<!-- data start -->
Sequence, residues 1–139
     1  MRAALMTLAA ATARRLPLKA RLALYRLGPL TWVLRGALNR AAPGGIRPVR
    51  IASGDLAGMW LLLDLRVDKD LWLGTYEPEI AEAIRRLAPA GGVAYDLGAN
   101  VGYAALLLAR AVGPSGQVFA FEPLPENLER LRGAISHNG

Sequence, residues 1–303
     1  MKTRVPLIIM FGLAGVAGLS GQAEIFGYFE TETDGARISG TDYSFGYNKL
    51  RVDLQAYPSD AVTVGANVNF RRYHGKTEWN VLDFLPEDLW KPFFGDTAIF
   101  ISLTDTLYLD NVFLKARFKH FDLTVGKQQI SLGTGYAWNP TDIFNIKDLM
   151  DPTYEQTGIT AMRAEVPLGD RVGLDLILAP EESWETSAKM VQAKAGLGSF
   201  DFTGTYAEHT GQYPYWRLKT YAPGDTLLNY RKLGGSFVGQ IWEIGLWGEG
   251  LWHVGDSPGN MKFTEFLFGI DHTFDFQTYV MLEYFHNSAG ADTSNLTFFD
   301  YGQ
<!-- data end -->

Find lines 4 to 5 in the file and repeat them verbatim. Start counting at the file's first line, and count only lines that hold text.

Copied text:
   101  VGYAALLLAR AVGPSGQVFA FEPLPENLER LRGAISHNG

Sequence, residues 1–303